Perhaps the untimely death of Aino Aalto at the age of 54 in 1949 is one of the reasons this Finnish designer and architect is largely missing from the popular design history. Another reason is certainly the fact that, like Ray Eames, Aino collaborated on most projects with her architect husband Alvar Aalto, with whom she set up a joint architectural office and later the Artek design company. Many projects were signed by the company, not any one individual, which makes it harder to determine who did what.
Aino Aalto is mainly credited for her clean-lined, ergonomic glassware, still in production. But as a trained architect, graduating from the Institute of Technology in Helsinki in 1920, she did much more than that. Aino was a design director and later a managing director at Artek, and “really it was Aino who ran the business while simultaneously looking after the children and making occasional pieces”, asserted the Barbican exhibition guide. “Women Design” book by Libbi Sellers has more examples of Aino’s work for which she has not been universally credited, such as “the most beautiful staircase in the world”, in the words of Alvar Aalto, designed for their functionalism masterpiece Viipuri (Vyborg) Library. I had a fortune to tour the library a few years ago and admired the smart design and the beautiful organic handrail, yet I do not recall any mention of Aino Aalto.
Another iconic design, which the Barbican exhibited as a co-creation, is the famous Barcelona chair and, in fact, the whole cutting-edge German Pavillon for the 1929 Barcelona International Exposition, for which the chair was designed. The Barbican attributed these works to both Ludwig Mies van der Rohe and Lilly Reich and reminded us that Reich was an established interior designer by the time she met Mies van der Rohe in 1925 and that she was commissioned to be Artistic Director of the German Pavillon. Reich’s name is still missing from a lot of sources, including the website of the Barcelona chair’s manufacturer. Sellers’s book quotes Albert Pfeiffer, vice president of Knoll, as saying, “Mies did not fully develop any contemporary furniture successfully before or after his collaboration with Reich”.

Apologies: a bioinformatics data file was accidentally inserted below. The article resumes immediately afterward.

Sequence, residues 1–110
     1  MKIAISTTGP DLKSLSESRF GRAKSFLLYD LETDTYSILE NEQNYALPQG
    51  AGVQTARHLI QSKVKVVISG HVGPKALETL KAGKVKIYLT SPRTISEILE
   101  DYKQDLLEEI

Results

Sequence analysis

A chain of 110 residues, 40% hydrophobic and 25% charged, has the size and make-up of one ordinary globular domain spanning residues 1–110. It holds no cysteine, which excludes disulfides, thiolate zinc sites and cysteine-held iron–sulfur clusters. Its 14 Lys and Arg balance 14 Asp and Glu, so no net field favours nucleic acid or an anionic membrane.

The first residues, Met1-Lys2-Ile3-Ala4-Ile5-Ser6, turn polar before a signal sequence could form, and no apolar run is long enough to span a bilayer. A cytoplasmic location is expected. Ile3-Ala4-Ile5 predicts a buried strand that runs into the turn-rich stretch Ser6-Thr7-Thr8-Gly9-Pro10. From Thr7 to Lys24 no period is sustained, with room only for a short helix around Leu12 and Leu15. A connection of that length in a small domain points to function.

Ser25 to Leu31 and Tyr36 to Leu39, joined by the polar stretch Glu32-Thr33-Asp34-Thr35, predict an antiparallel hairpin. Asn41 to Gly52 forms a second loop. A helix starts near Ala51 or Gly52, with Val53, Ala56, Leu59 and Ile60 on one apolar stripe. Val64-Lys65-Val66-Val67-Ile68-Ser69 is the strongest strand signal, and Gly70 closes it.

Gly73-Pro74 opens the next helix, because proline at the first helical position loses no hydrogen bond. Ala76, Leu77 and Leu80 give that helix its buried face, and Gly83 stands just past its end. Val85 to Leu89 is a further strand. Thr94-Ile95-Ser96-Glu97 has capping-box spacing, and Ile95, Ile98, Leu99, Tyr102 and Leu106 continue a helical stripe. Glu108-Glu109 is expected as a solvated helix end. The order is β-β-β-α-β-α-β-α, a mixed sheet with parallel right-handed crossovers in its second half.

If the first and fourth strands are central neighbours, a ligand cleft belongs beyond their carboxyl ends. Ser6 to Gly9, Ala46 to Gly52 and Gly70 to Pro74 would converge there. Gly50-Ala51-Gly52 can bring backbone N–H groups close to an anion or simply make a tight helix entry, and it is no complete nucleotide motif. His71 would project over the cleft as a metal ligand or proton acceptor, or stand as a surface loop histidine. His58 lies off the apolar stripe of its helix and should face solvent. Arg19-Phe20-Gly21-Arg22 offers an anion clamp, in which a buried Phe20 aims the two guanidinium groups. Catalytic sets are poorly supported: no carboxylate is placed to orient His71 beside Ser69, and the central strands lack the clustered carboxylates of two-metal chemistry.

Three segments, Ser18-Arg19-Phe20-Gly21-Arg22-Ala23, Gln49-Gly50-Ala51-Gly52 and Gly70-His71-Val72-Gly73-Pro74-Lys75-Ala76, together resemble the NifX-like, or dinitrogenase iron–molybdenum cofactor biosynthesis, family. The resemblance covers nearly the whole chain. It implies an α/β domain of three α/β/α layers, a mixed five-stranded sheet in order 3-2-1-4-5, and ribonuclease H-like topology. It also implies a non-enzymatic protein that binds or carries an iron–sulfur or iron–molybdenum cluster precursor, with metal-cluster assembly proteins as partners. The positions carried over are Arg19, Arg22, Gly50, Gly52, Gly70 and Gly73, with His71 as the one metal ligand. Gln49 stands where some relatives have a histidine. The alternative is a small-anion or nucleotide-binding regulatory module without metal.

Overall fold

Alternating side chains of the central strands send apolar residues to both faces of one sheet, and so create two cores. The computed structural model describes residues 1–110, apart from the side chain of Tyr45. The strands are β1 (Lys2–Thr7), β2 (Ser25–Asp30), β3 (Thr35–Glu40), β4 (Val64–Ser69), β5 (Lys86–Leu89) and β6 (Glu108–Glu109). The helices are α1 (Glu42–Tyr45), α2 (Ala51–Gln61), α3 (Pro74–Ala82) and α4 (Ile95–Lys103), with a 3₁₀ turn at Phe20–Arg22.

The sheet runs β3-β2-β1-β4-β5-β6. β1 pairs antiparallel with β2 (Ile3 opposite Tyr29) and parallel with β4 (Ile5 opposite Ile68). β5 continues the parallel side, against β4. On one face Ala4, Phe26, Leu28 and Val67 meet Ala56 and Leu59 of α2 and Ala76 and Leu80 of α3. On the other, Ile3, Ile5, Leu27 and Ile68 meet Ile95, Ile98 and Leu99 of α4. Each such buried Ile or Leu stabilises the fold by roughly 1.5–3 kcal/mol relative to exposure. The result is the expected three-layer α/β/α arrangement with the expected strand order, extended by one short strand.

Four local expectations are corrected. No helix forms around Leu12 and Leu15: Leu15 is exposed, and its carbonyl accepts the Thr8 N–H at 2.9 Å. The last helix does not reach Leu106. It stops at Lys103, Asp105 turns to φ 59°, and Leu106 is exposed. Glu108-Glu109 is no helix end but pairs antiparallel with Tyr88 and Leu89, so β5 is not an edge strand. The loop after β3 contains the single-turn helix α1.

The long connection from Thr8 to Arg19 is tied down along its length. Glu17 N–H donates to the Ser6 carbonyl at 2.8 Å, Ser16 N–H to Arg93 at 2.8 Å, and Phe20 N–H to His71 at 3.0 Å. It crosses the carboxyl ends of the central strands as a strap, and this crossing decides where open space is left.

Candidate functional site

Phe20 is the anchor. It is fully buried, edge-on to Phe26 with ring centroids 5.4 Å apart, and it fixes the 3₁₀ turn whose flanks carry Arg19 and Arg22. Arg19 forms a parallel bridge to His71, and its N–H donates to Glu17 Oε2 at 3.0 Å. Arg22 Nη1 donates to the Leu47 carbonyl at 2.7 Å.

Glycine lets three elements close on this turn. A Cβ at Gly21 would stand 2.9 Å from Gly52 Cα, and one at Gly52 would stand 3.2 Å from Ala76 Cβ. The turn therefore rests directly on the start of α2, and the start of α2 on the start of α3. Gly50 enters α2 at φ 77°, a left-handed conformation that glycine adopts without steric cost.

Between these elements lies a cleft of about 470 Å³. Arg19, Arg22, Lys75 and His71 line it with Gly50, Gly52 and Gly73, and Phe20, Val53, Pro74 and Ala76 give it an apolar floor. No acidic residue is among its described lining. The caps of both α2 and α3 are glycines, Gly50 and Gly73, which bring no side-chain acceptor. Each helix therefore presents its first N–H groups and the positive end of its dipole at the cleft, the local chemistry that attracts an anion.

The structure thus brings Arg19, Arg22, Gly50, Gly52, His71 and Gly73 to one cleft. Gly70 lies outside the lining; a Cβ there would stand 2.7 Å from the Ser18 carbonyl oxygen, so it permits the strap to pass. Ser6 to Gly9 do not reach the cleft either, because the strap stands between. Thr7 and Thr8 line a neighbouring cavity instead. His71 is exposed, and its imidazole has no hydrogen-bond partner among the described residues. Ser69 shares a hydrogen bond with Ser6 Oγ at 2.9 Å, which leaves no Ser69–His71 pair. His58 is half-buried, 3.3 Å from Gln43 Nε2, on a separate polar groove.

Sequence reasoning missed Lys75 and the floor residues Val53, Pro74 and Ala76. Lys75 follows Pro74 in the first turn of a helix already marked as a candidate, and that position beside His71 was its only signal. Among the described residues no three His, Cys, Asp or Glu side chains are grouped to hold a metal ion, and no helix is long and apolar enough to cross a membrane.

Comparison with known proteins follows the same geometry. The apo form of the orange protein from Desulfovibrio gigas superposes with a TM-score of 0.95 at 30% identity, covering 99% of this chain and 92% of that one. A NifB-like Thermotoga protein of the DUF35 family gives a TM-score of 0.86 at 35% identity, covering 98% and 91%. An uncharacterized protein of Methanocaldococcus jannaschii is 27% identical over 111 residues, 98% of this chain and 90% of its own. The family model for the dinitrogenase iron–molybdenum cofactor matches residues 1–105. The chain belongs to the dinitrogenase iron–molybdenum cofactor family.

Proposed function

The difficulty of attributing co-creations was in Reich’s case exacerbated by tragic historic events. While Mies van der Rohe moved to the US before the war and continued a successful architectural career, Reich stayed in Germany. Her studio was bombed during World War II and she was sent to a forced labor camp. Lilly Reich died just two years after the war, in 1947, and so had little chance to re-establish herself artistically.
The three exhibitions were particularly eye-opening to me with regard to the number of talented, forward-thinking, qualified women who have been completely sidelined or excluded from the history of art and design. Sexism, contemporary prejudices, gender bias in media, and the tumultuous history of the 20th century have all played a role. Has museum curation been gender-biased as well? Perhaps so. And it looks like the increasing number of museums around the world are trying to address the issue: my newsfeed is full of upcoming exhibitions of ‘hidden’ and ‘forgotten’ women artists, and promises of seeing the ‘largest retrospective ever held’ (just check out the 2019 exhibition calendar at Tate Modern). Bringing forgotten women out of the shadows gives me hope of many astonishing discoveries to follow, but more importantly, of a more complete and gender-balanced history of the 20th century art and design. If we can find equality in the past, then maybe we can create a world where women of the 21st century are capable of even grander designs?